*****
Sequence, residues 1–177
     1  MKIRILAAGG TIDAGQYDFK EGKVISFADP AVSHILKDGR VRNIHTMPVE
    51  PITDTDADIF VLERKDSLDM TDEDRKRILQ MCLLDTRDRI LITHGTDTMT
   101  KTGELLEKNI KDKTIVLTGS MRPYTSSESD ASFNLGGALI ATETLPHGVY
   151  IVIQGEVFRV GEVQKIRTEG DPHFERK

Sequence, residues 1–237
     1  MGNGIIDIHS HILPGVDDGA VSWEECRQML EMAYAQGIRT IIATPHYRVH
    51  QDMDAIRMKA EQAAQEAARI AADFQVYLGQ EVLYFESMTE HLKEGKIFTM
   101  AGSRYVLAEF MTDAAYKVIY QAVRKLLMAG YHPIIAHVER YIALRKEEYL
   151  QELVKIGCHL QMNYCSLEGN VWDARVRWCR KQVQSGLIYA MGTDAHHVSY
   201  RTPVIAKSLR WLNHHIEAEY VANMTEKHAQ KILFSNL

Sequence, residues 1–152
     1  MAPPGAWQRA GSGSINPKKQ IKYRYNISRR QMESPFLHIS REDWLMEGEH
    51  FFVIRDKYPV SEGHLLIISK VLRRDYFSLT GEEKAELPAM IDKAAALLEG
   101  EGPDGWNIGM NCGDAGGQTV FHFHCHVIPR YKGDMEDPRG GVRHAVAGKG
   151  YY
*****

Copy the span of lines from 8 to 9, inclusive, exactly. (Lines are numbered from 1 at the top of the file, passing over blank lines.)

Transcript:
    51  QDMDAIRMKA EQAAQEAARI AADFQVYLGQ EVLYFESMTE HLKEGKIFTM
   101  AGSRYVLAEF MTDAAYKVIY QAVRKLLMAG YHPIIAHVER YIALRKEEYL